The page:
The Streams Have Been Crossed: FTC Enters FDA TerritoryNovember 7, 2023
“Human sacrifice! Dogs and cats living together! Mass hysteria!” At least that’s this blogger’s reaction to the recent news that FTC sent out Notice letters to 10 different drug companies about the patent information they list in the Orange Book. It’s so exciting that we might actually have an answer to some lingering questions about listability! Maybe I’m overreacting, but it’s been almost 20 years since industry first asked FDA if it could list device patents in the Orange Book, and FTC’s intervention here is the closest thing we’ve seen to an answer to that question. This is only by implication though: FTC did not provide an explanation as to why it thinks the patents listed are improperly listed—at least in the Notice letters made publicly available. While I’m not a patent lawyer, these patents appear to be mostly device patents, which signals that FTC not only thinks REMS patent-listings are anti-competitive, but it also thinks device patents are. My rudimentary and cursory review of some of these patents (NB: I’m not a patent lawyer) suggest that they aren’t all device component patents but are patents that cover entire devices in some cases.
As FTC explains in a Press Release, the Agency “challenged more than 100 patents” that it believes are improperly or inaccurately listed in the Orange Book. Using FDA’s process for such disputes, codified at 21 C.F.R. § 314.53(f)(1), FTC notified FDA that it disputes “the accuracy or relevance of patent information submitted to . . . and published by FDA.” As part of that requirement, FTC must have described the specific grounds for disagreement for each patent, which FDA will send to the NDA holder. The NDA holder then must confirm the correctness of the patent and sign a verification of accuracy, or the NDA holder must amend the patent information within 30 days of FDA’s dissemination of the statement of dispute. So ultimately whether the patent is delisted is up to the applicant, and we should know more in about 30 days, but it’s really not the effect of the activity that’s so notable—it’s that it happened at all.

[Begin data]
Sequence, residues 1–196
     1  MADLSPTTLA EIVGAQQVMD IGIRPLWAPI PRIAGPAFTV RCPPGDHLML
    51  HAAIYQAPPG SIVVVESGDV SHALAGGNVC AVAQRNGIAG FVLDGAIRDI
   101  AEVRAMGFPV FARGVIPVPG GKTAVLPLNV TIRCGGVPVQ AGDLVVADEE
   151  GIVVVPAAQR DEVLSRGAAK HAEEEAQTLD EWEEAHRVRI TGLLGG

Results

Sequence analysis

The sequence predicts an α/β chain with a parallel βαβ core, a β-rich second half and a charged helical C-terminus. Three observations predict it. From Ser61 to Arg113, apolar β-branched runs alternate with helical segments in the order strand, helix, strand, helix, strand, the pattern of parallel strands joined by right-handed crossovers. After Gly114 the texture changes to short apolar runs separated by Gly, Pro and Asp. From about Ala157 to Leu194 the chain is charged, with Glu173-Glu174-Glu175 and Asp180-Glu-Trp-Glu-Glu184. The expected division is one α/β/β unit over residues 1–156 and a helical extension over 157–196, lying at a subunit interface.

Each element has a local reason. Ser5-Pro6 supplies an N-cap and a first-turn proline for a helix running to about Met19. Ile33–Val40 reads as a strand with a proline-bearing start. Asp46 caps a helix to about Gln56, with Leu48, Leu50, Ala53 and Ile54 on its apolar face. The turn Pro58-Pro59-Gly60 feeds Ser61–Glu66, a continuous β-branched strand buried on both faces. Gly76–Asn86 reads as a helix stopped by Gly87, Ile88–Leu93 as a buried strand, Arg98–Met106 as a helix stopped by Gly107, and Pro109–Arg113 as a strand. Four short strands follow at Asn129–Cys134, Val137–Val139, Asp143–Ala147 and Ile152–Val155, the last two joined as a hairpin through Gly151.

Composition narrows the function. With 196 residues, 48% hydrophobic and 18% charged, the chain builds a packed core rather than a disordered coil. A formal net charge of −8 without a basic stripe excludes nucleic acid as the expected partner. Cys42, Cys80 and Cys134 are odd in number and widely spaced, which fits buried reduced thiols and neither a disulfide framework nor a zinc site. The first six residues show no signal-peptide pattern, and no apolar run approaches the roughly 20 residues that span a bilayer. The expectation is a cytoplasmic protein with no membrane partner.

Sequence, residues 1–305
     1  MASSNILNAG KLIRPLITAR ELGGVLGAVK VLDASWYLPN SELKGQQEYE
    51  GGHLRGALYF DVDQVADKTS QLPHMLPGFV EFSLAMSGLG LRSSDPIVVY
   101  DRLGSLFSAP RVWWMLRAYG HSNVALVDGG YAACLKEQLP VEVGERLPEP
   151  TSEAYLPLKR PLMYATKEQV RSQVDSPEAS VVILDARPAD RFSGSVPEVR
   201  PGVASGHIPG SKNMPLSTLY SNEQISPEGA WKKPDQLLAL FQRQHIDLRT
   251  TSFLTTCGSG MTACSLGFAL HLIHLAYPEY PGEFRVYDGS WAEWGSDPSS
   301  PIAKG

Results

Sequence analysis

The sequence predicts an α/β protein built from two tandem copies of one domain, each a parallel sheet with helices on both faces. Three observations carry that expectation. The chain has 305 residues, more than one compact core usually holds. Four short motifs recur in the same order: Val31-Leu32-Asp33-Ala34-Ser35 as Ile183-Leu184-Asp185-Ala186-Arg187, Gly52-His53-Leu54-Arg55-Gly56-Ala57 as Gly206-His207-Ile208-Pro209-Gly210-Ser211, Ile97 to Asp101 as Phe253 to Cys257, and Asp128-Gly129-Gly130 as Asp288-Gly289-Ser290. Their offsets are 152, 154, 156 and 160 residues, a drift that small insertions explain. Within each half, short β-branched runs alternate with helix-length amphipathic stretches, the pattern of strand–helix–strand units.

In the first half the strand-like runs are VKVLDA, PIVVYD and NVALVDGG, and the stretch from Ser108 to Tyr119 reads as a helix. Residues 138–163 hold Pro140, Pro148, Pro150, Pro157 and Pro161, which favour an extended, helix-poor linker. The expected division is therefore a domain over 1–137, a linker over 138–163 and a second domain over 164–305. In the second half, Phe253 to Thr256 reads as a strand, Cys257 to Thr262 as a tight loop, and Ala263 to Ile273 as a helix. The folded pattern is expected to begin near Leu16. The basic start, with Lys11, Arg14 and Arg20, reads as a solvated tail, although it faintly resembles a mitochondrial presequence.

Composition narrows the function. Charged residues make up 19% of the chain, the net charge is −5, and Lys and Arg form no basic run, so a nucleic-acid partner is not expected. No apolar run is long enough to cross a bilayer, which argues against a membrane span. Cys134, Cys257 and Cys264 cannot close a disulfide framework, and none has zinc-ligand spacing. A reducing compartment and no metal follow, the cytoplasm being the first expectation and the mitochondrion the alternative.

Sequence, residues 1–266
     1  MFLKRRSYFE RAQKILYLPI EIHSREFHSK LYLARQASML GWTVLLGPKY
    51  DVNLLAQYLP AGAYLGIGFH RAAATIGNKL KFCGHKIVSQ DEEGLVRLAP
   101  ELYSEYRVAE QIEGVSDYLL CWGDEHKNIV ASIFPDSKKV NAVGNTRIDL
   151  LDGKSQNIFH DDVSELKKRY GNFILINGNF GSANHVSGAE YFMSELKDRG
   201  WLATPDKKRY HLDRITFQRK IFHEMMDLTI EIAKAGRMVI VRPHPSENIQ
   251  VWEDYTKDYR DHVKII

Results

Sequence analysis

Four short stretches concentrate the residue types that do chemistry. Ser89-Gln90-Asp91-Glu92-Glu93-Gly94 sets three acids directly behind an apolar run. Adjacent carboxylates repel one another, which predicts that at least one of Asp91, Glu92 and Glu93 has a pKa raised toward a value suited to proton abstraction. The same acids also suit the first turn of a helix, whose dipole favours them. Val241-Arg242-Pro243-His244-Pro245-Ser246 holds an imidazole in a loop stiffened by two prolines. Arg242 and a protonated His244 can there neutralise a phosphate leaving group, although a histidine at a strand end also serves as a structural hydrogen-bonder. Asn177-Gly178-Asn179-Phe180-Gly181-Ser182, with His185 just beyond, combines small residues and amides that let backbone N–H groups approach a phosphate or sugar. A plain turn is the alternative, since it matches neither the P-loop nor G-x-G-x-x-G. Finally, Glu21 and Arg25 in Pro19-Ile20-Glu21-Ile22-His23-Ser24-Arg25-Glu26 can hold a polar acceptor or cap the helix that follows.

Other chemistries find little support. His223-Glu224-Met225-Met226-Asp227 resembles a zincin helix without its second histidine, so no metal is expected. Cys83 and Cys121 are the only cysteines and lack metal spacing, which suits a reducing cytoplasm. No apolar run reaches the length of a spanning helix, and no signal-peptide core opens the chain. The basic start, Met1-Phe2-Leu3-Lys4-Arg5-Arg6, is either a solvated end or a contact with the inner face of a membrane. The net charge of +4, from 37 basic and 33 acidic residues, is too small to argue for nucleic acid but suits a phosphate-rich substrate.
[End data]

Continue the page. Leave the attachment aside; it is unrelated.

As we have recounted a number of times, most recently here, FDA has been reluctant to comment on the types of patents that should be listed in the Orange Book. FDA has asked for comments and published a report, but really nothing has come of that other than repeated requests from industry for guidance in this space. As noted, the statute says that only drug formulation, composition, or method of use patents are listable, but FDA has said that patents that claim finished dosage forms, which can include “metered aerosols, capsules, metered sprays, gels, and pre-filled drug delivery systems,” should be listed in the Orange Book, suggesting that a patent that claims both the drug substance and the delivery device must be listed. But whether a patent that only claims a device constituent of a combination product has been unclear. And there have been no signs that FDA is planning to opine on that issue.
So instead of FDA getting involved, FTC has taken a vested interest and issued a Policy Statement lamenting the anticompetitive listing of patents in the Orange Book. But FTC failed to explain exactly what type of patents are anticompetitive, leaving the industry waiting with bated breath to find out what exactly FTC would do, to whom, and for what—and of course whether FTC would actually do anything or leave it to FDA, who has statutory authority over the List (AKA the Orange Book).
Well, what FTC apparently did was review hundreds of patents in the Orange Book and utilize FDA’s regulatory processes. But there’s no telling what the implicated manufacturers will do, because again, it is legally unclear whether the listing of the device patents is actually anticompetitive. And this is the first inkling we have about the government’s position. And we still haven’t heard anything substantive from FDA.
It also is notable that FTC reserved the right to take further action, including under Section 5 of the FTC Act, which suggests that FTC is ready to take further enforcement action against companies that don’t de-list. Indeed, that one line in the Notice letters FTC sent may end up being really critical if companies don’t willingly de-list. But if FTC takes this further, it’s going to be interesting from a legal perspective to see how this will be handled given that neither FTC nor FDA has given a clear answer about whether device patents are listable in the Orange Book. Requests for delisting likely don’t count as Notice and Comment…
Anyway, it’s going to be some time before there’s any movement here. The companies who received the Notices will need some time to assess, and FTC will need time to review the resulting activity. But, given how quickly FTC moved after issuing its Policy Statement, it seems like there’s a big appetite for this issue at FTC. I’m guessing that FTC is going to continue to cross FDA’s streams, and that really raises the risk of gooey marshmallow everywhere.